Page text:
went to Mexico with F. E. Church and his family, who were among her best friends. The next year she went to Spain with Mr. John Johnston and his sister; in 1891 she made a European trip with Miss Susan Day; in 1892 and again in 1893 she went to California; in 1894 to Europe with Mrs. Church; in 1896 to Algiers by herself, though later she joined Mrs. William Weld in Sicily. In 1899 she went to California with Mrs. Weld, and again, in 1901, with her to Mexico. In 1902 she went to Europe with Miss Ethel Damon. In 1903, 1904, 1905 she spent the winter in Jamaica. In 1905 she was in Egypt; in 1906 in Jamaica again; in 1907 in Cannes. The winters of 1908 and 1909 she spent in Washington and Pass Christian, and the last winter of her life, 1910, in Cannes. But every summer she was at Matunuck.

Susan at Matunuck is to those who knew her there her most characteristic phase. She loved the place and its people, and was never so much at home as when there. At first she plunged actively into the outdoor life; she was a capital swimmer and always wanted a swim in the pond before breakfast, and generally a sea-bath, too, while she also loved to traverse the wood-paths, which in those days led in all directions among the ponds. She liked to take a canoe with one of the boys, and to carry across from pond to pond until they had made a circuit of the hill-country. As she grew older she cared less for this active outdoor life, but devised another more suited to the energies of a woman of fifty or sixty. She would breakfast on the piazza when she was alone; it was not too far from the road to hear some- one driving by explain to a friend, " No, she ain't crazy, but she eats outdoors." After breakfast she went about the house or retired to her " rat's-nest " and wrote letters till the mail-man came. Then it

was time to drive to the beach, which generally took up the rest of the morning. In the afternoon she took to the east piazza about four o'clock, where in time the neighbourhood accustomed itself to come for afternoon tea. She often went off for a stroll in the late afternoon, and after supper finished the day by a short time on the front piazza, where, on clear nights, one had a wonderful stretch of sea and lighthouse and horizon. She went to bed very early in the summer,-at eight or half-past. If there were people about she would go away as though to attend to something and not come back.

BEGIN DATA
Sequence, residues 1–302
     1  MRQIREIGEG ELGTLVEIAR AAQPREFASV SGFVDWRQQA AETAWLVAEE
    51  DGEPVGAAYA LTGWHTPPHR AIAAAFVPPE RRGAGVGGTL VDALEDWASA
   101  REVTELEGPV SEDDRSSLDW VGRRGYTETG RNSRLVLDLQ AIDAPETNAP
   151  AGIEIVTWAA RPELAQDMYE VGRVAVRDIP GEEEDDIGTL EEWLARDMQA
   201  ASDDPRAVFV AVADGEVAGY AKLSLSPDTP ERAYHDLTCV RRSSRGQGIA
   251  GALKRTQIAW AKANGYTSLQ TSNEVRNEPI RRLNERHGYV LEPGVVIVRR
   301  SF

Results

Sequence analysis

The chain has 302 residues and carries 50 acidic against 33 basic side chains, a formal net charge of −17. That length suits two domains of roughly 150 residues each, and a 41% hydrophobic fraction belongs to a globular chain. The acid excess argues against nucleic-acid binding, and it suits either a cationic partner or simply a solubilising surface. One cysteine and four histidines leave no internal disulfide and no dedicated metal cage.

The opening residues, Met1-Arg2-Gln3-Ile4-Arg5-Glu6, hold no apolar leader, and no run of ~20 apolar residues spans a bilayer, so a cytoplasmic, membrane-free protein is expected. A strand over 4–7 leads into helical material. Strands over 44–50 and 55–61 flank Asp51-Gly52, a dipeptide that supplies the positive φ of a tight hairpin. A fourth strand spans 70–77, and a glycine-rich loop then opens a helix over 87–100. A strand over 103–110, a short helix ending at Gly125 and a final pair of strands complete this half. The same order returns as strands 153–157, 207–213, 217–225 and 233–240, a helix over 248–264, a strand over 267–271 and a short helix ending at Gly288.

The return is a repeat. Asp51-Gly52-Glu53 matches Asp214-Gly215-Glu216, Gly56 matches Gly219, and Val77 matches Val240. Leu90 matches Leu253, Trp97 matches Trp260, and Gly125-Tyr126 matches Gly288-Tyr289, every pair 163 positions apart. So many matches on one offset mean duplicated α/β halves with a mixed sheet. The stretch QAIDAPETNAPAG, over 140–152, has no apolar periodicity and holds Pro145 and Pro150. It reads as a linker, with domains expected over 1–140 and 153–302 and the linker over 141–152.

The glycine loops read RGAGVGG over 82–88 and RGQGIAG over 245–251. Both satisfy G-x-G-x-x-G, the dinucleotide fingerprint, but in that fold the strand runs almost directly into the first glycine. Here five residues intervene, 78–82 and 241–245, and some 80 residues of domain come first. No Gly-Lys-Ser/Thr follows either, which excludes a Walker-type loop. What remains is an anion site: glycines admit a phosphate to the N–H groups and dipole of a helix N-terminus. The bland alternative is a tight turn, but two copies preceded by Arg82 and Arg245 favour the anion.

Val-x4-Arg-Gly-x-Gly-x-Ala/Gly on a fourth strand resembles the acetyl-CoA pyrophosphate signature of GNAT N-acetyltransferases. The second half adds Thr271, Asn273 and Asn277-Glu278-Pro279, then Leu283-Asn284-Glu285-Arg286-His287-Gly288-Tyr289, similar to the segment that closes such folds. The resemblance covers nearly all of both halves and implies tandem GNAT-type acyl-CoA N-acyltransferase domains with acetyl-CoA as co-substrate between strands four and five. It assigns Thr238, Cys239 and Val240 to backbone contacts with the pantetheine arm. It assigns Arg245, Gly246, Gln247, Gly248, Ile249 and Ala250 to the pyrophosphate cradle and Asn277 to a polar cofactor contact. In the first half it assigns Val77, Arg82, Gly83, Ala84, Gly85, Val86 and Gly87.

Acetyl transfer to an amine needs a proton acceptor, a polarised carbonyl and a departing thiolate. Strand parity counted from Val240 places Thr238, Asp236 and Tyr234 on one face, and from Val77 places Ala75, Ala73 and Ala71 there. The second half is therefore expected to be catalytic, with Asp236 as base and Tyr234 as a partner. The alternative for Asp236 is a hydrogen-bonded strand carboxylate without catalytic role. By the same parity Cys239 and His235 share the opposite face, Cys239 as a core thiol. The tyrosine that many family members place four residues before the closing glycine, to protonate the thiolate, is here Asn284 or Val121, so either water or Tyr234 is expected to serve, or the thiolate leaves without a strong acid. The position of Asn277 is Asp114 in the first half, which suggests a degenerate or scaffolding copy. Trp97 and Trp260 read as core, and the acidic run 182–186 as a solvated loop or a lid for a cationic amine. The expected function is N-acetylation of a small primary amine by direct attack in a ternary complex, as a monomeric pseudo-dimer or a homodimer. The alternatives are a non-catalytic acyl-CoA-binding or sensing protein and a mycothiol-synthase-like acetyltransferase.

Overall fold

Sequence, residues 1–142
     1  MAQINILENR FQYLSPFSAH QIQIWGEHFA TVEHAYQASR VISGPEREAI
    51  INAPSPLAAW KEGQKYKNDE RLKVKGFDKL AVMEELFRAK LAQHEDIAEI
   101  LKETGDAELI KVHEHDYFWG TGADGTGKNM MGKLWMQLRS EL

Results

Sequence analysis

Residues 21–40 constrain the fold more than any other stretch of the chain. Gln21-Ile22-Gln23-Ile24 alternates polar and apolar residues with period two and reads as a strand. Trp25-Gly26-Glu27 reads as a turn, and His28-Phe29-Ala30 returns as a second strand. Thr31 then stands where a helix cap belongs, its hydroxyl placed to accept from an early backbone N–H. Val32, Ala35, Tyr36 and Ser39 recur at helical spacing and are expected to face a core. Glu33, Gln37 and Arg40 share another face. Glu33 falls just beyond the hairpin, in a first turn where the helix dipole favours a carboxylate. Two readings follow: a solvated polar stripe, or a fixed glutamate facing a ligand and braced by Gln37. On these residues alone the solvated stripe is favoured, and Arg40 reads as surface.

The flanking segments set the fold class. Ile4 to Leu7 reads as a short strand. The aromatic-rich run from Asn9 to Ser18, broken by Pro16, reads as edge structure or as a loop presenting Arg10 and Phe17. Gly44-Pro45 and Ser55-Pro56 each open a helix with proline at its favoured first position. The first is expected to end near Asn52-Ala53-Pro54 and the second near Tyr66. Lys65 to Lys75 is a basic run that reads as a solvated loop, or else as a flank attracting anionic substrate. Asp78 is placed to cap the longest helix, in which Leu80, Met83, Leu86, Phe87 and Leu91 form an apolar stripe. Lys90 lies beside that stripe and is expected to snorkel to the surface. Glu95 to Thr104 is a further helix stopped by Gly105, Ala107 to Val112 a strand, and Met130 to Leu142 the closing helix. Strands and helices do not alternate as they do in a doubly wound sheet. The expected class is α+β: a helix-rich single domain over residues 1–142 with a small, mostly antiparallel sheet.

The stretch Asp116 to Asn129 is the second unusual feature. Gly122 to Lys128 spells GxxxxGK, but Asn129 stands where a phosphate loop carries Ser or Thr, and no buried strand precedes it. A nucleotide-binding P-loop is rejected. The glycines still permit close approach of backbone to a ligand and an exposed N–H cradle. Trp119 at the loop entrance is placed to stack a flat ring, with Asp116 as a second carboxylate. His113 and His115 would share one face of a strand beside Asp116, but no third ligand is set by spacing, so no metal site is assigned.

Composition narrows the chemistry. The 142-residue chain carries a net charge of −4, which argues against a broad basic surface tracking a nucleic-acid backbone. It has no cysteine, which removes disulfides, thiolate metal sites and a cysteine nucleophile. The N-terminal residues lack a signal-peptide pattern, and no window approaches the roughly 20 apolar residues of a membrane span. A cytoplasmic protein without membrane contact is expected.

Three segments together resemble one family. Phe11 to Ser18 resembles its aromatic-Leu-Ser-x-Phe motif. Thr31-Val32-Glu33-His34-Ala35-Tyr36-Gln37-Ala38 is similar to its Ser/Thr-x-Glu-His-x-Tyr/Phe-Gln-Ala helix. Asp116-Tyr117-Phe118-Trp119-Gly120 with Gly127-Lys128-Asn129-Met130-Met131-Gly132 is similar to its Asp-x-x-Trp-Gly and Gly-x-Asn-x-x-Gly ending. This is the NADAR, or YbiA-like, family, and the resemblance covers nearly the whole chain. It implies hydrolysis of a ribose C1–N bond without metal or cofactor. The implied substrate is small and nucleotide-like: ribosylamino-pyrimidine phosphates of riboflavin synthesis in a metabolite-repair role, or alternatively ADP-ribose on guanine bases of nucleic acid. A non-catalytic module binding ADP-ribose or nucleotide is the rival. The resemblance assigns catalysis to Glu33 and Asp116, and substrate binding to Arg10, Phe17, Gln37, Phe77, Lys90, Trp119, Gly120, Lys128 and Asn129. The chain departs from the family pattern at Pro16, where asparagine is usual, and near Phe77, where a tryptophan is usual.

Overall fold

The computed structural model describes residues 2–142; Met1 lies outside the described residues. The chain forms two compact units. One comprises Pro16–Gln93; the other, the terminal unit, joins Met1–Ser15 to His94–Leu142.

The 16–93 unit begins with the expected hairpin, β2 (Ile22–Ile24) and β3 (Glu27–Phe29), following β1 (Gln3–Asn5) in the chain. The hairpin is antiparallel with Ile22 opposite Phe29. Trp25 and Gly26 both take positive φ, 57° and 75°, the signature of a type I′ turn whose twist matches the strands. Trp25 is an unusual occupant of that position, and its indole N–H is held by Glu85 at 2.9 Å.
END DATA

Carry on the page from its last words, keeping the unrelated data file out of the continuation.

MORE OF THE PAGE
She early formed intimate relations with the people around, particularly with those who " did for " her, as the phrase is. Mrs. Perry was the first of these, but when she moved away up the Perryville road she could not continue " doing." Susan then took up with Louisa Sebastian, a big coloured woman with something of a following, and for many years Louisa was her cook, and as far as she had any, her manager. Mr. Franklin and George Jones, both coloured, used to be around a good deal cutting wood and doing odd jobs. She got horses of Robert Browning, to whom she was much attracted by his singular strain of almost saturnine humour. She encouraged all the country to come round in carts and bring her food; she always got something and always had conversations with them. The chief of these visitors were Mrs. Tucker and Peth Bradley.

My father always came to Matunuck as much as he could in the summer, though toward the end of his life he used sometimes to go elsewhere. My mother, however, did not come so much. Susan, therefore, had a good deal of room, for the house was large, and she got into the habit of having a good many visitors, generally young people,-her own friends and her nephews'. In this way grew up at

Matunuck in the late eighties and the nineties a group of young people with all of whom Susan was intimate. She was commonly called Susan by them, and, indeed, by almost everyone else.

Although extremely original and natural in what she said and did, Susan, like most other people, was not able to express herself fully in the current forms to which we are all used. She painted a good deal, and for a number of years was immensely interested in her landscapes, yet no one who knew her could fancy that her landscapes gave much real idea of her gay vitality and her shrewd quaintness. She wrote a good deal in various ways, - sometimes travel-letters to the papers, sometimes books, - but though there was a good deal of herself in these, they never impressed people as she did herself. Possibly she could have arrived at a truer self-expression by being an actress than in any other way. She was always wonderful in extempore theatricals or in the monologues which she arranged for herself like " The Elixir of Youth " or " The Female Fool." But even had it proved that she could best express her mercurial personality on the stage, it is doubtful whether she could have done so by the usual and natural course of presenting or creating the characters conceived by others. She would have been a great figure in the popular extempore stage of the Italians.

In the way of letters, however, she did find a means of expression. She was educated at a time when long letters were more common than they are to-day. All the family wrote letters, and according to the custom of the time they were pretty long ones. In the days before envelopes and stamps it was the custom to use double sheets of quarto size, and if one used such a sheet and paid five or ten cents for postage, it was natural to write enough to fill the sheet. So she early got used to writing letters and soon

adopted letter-writing as an easy and natural mode of expression. Her letters were very like her conversation; they were free and familiar, full of her usual ways of thought and expression, giving her characteristic ideas and point of view. They had not so much of her surprising extempore humour as her talk, but they came nearer being a full self-expression than anything else.


-- "Introduction." Letters of Susan Hale. Ed. Caroline P. Atkinson. Boston: Marshall Jones Company, 1918: vii-xvii.